Austin, TX—Pharmacists can play an active role in hospice and palliative care through a wide variety of approaches, including medication order assessments and counseling the hospice team, according to research presented by Bradi Frei, PharmD, MS, BCOP, BCPS, at the 11th annual Hematology/Oncology Pharmacy Association (HOPA) conference.
ASHP Statement on Pharmacists’ Role
According to the American Society of Health-System Pharmacists (ASHP), the pharmacist’s role in hospice care involves assessing the appropriateness of medication orders for patients, ensuring timely provision of effective medications for symptom control and management, counseling and educating the hospice team about supportive care through the use of medication therapy, and ensuring that patients and caregivers understand and adhere to the directions provided with medications.
“Pharmacists involved in hospice care should also work to provide efficient mechanisms for extemporaneous compounding of nonstandard dosage forms, and should find ways to get those for the patient,” explained Dr Frei, Associate Professor of Pharmacy Practice, Feik School of Pharmacy, University of the Incarnate Word, San Antonio, TX, and Clinical Instructor, University of Texas Health Science Center at San Antonio. Addressing financial concerns specifically related to medication, ensuring safe and legal disposal of all medications after a patient’s death, and establishing and maintaining proficient communication with regulatory and licensing agencies are additional roles defined by the ASHP for pharmacists in hospice care.
Furthermore, the ASHP determines that pharmacists should have a defined scope of practice in hospice and palliative care settings. “What we’re doing should be written down, particularly our activities and the limitation of those activities, as well as referral and communication guidelines,” said Dr Frei. Documentation of services is vital, and should include medical record notes. In addition, pharmacists should have a role in interdisciplinary team meetings, and should sign off on patient reviews there, she stressed.
Palliative Care Guidelines
“Palliative care specialists and interdisciplinary palliative care teams, including board-certified palliative care physicians, advanced practice nurses, and physician assistants, should be readily available to provide consultative or direct care to patients/families who request or require their expertise,” according to the National Comprehensive Cancer Networks Guidelines.1
The National Consensus Project for Quality Palliative Care’s Clinical Practice Guidelines for Quality Palliative Care includes no mention of pharmacists. “However, they say other health care practitioners could be involved,” Dr Frei added.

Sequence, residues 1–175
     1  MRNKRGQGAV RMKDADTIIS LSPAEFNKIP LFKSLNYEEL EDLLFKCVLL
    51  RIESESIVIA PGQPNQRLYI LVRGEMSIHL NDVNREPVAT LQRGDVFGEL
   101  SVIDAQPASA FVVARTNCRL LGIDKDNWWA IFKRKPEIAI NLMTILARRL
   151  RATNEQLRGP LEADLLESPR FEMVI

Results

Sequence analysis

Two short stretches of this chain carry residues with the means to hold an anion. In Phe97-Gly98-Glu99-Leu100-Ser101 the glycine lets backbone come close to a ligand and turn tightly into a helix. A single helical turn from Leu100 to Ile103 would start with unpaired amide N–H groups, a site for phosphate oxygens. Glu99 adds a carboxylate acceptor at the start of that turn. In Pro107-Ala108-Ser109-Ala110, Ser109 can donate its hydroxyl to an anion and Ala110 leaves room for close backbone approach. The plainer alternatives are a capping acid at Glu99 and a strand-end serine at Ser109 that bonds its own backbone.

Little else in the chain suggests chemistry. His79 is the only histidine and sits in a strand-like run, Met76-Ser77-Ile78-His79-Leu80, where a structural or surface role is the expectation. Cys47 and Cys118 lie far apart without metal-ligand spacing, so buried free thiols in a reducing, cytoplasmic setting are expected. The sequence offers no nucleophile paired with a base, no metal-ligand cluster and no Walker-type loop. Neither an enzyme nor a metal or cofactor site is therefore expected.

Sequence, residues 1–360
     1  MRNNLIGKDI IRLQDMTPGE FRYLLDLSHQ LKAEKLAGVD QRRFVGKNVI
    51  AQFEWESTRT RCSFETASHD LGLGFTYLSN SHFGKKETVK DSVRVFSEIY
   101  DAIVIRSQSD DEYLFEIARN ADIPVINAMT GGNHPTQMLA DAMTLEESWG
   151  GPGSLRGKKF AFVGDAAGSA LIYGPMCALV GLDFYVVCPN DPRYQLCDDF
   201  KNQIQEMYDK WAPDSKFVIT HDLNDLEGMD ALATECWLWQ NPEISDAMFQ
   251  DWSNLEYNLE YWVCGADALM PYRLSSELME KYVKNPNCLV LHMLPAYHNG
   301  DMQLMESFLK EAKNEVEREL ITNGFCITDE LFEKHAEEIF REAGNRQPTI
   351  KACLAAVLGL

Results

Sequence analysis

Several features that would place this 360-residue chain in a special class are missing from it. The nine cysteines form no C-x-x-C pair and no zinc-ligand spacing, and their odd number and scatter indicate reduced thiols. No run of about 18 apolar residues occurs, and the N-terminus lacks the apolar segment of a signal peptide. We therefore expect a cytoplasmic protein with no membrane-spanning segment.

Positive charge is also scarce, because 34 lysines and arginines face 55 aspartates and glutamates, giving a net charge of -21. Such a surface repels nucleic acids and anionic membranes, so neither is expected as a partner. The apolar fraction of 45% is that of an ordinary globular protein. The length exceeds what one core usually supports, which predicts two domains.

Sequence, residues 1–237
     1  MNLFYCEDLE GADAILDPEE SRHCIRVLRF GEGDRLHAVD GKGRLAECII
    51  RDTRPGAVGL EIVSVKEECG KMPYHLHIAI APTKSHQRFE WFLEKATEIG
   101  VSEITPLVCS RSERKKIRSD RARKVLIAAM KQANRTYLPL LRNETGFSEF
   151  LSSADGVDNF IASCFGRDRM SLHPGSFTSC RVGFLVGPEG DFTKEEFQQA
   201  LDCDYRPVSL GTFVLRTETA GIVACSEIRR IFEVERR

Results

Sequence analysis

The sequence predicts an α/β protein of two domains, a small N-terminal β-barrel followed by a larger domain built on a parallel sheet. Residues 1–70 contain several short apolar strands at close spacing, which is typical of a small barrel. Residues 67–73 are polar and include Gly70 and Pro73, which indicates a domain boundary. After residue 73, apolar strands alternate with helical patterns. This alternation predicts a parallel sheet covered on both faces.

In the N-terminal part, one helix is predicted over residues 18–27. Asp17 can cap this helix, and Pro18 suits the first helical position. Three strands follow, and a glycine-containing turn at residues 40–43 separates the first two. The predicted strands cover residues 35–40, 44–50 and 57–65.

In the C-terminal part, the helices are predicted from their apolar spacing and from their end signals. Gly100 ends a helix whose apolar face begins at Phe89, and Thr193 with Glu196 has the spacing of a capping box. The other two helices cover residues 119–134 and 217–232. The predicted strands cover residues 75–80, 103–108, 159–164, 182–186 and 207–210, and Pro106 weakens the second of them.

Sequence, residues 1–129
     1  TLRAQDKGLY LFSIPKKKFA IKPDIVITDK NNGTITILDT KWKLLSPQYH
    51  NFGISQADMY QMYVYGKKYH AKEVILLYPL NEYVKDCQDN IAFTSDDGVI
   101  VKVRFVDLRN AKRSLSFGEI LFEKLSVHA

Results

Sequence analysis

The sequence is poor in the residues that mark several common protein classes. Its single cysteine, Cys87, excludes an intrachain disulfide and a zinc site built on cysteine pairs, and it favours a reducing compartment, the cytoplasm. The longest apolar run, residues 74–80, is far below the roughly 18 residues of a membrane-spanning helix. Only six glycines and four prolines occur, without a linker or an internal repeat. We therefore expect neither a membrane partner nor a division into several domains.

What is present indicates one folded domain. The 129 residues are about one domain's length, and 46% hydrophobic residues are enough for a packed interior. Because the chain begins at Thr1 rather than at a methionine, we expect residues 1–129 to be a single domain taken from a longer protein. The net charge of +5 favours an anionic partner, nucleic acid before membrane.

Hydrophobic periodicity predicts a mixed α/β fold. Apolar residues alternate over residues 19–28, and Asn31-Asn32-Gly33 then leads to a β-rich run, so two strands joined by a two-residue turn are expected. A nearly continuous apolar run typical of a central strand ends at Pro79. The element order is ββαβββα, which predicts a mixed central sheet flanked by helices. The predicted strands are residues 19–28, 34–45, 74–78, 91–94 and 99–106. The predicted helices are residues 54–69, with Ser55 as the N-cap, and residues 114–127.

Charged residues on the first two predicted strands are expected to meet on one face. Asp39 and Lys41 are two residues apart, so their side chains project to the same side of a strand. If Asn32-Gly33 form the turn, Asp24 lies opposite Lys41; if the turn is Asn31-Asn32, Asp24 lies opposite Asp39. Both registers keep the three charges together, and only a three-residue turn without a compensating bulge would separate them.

More Research Is Needed
“The research we have available right now concerning the pharmacist’s role really comes from Australia and Canada,” Dr Frei explained. “It doesn’t seem [like] there’s much being published about pharmacy services in hospice or palliative care in the United States.”
The reported clinical duties of pharmacists in palliative care sites in Australia and Canada involve medication review, which Dr Frei noted is the most common involvement of pharmacists in palliative care, as well as providing advice on pharmacotherapy, administration, treatment, adverse effects and incompatibilities, and educating patients. Additional duties involve participating in conferences, publications, and research, although this participation is infrequent.
Drug-Related Problems in Palliative Care
An Australian study by Hussainy and colleagues in 2011 examined the role of a pharmacist in a community palliative care multidisciplinary team.2 “This study examined what pharmacists could be doing as patients were discharged from an inpatient service into the hospice program,” Dr Frei explained. Pharmacist responsibilities in the project included creating patient education materials, conducting team educational sessions on palliative care topics, and medication review for patients enrolled in the program.
Screening patients for medication misadventure was also a cornerstone of the project. Pharmacists screened most patients (88.4%) referred to the palliative care service for risk of medication misadventure, and it was found that 14% of the patients screened needed medication reviews by the pharmacist. Eighty-eight percent of medication reviews were conducted in the patients’ homes, and 113 drug-related problems were identified; the most common problems detected were that the “patient requests drug information” (25%), and that their “condition [was] not adequately treated” (22%). “An important role of pharmacists in the project was coming back to the hospice program and updating the records to reflect what the patients were actually doing compared to what they thought they were doing,” said Dr Frei.
Results of this study suggest that the inclusion of a pharmacist in a community palliative care team can improve the medication-related knowledge and skills of its members and lead to better patient medication management. Although the study by Hussainy and colleagues furthered understanding about the role of the pharmacist in palliative and hospice care, much more research is needed in the United States to fully define the role.
- National Comprehensive Cancer Network. NCCN Clinical Practice Guidelines in Oncology (NCCN Guidelines®): palliative care. Version 2.2013. www.nccn.org/professionals/physician_gls/PDF/palliative.pdf. Published June 5, 2013. Accessed April 9, 2015.
- Hussainy SY, Box M, Scholes S. Piloting the role of a pharmacist in a community palliative care multidisciplinary team: an Australian experience. BMC Palliat Care. 2011;10:16.